Your US mid-term elections daily digest
There are just under four weeks until the US elections that will help define the rest of Donald Trump’s presidency.
The mid-term elections will see people vote for members of both houses of Congress, as well as for governors in 36 out of 50 states.
Between now and then, we’ll bring you updates and all the best analysis every weekday in this round-up.
One race to watch
One Senate seat Republicans hope to flip is in North Dakota, where the Democratic incumbent Heidi Heitkamp won by just under 3,000 votes in 2012.
Flipping North Dakota would give Republicans a huge advantage in keeping control of the Senate (given that there are only nine Republican seats in contention this year, Democrats have no margin for error if they want to claim the Senate).
With this in mind, a US Supreme Court ruling on Tuesday could have profound implications.
Justices backed a lower court ruling that required voters in North Dakota to show forms of identification and proof of residential address if they wanted to vote in the mid-terms.
The appeal that came before the court said that up to 70,000 people in the state did not have ID and therefore would not be able to vote (up to 20% of the electorate).
Why does this matter?
Well, in 2012, North Dakota’s Native Americans voted heavily in favour of Heitkamp (in Sioux County, for example, 84% of voters backed her over her Republican counterpart).
Because Native Americans often lack a street system, they commonly use PO Box addresses, and so often don’t have proof of residential address.
In an interview with the West Fargo Pioneer last week, Heitkamp said the ID requirements “clearly target” Native Americans and college students.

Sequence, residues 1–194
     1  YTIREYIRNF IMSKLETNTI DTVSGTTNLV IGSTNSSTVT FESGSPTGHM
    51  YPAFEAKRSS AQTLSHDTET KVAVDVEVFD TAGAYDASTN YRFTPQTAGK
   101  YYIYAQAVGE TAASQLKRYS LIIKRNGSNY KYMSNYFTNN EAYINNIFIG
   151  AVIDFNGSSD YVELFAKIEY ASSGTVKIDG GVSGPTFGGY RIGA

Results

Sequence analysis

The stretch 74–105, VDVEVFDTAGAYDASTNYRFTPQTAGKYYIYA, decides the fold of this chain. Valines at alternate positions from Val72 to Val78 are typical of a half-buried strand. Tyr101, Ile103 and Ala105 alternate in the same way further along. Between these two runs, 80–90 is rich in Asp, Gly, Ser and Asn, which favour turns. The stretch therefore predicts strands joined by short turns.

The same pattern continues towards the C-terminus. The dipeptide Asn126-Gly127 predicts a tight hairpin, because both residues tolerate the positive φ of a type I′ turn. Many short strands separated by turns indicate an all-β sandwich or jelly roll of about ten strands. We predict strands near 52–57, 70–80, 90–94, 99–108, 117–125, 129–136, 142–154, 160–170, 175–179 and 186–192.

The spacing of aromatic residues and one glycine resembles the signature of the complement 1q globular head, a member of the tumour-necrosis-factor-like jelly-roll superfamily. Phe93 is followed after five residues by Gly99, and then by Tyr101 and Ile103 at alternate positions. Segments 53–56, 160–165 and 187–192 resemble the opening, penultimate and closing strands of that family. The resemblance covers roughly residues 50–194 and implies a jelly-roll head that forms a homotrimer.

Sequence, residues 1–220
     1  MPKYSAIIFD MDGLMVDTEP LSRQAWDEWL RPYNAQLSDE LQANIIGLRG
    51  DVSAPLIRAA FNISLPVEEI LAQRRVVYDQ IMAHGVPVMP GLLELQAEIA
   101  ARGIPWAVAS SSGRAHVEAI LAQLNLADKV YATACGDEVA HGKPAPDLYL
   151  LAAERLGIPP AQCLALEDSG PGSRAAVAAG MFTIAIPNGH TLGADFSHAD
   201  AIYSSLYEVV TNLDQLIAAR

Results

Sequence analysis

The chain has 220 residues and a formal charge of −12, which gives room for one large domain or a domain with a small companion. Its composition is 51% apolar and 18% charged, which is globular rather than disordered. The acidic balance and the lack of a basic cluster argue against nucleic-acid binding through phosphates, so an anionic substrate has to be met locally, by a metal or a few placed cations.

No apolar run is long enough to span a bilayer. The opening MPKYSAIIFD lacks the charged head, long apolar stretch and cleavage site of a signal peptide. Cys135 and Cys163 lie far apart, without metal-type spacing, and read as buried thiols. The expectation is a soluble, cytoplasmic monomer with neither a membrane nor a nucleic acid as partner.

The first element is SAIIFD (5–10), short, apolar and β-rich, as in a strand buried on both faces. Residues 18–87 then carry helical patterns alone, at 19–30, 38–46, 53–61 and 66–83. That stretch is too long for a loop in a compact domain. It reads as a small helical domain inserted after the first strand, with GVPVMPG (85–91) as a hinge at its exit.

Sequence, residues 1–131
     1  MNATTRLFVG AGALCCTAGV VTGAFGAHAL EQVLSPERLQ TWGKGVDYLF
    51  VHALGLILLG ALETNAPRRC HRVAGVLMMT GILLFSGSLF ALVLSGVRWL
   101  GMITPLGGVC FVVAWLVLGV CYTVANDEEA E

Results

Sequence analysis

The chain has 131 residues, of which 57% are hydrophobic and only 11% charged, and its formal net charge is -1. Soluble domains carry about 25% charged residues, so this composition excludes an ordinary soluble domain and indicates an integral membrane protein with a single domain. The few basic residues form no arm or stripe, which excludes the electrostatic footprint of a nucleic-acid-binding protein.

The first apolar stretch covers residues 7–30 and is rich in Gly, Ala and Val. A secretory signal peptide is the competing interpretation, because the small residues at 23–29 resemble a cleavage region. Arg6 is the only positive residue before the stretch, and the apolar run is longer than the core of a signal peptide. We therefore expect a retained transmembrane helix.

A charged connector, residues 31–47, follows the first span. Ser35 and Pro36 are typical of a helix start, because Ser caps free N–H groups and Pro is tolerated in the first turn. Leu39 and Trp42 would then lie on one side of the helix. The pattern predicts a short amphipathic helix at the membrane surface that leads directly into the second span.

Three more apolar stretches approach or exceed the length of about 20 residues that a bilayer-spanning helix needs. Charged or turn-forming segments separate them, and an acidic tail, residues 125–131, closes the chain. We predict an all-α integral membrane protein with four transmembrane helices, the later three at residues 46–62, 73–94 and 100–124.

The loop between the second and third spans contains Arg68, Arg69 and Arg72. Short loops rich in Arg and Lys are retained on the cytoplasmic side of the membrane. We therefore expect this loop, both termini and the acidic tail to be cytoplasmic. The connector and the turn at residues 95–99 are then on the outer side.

Right now, she needs all the support she can get – two weeks ago, she changed her mind on approving Donald Trump’s Supreme Court nominee, Brett Kavanaugh, and voted No, provoking a backlash from Republicans. And polls suggest she is slipping further and further behind Republican Senate contender Kevin Cramer.
(By the way, Justice Kavanaugh did not take part in the Supreme Court decision on Tuesday).
On the subject of Justice Kavanaugh, it’s pretty clear by now that his name is being used as a rallying cry by Republicans ahead of the mid-terms.
His confirmation process, in which he denied sexual assault in the face of testimony by accuser Christine Blasey Ford, saw Democrats voice support for her and demand a more detailed investigation.
As we noted on Monday, that confirmation process has actually helped the GOP reverse (or at least slow) momentum the Democrats had in key races all summer.
And now, in a speech on Tuesday night in Iowa, the president has made a direct link: for Republicans, these mid-terms are a referendum on the way Democrats acted around Kavanaugh.
One video to watch
This clip posted on Twitter by MSNBC’s Jacob Soboroff has been widely shared over the past few hours.
It was filmed in Orange County, California, which has four Republican-held seats in the House of Representatives.
Democrats hope to flip those seats, and would need a strong youth vote to do so. There’s just one problem, as Soboroff’s interviews show…
We’ll talk more about the role of the youth vote in a later digest.
One feud to follow
There’s a risk of turning this round-up into a daily Taylor Swift digest but her statement of support for Democratic candidates this week has mixed things up in an interesting way.
Swift’s shout-out for people to register to vote (which she repeated at the American Music Awards on Tuesday night) has led to a significant uptick in registration.
Her comments have also threatened to reignite one of music’s least likely on-again-off-again feuds, between Swift and avowed Trump supporter Kanye West, who will meet the president later this week.
Here’s our brief history of their beef, that is now being taken into the political arena.
Pop stars calling on people to register is clearly now a thing, by the way – Rihanna has followed suit.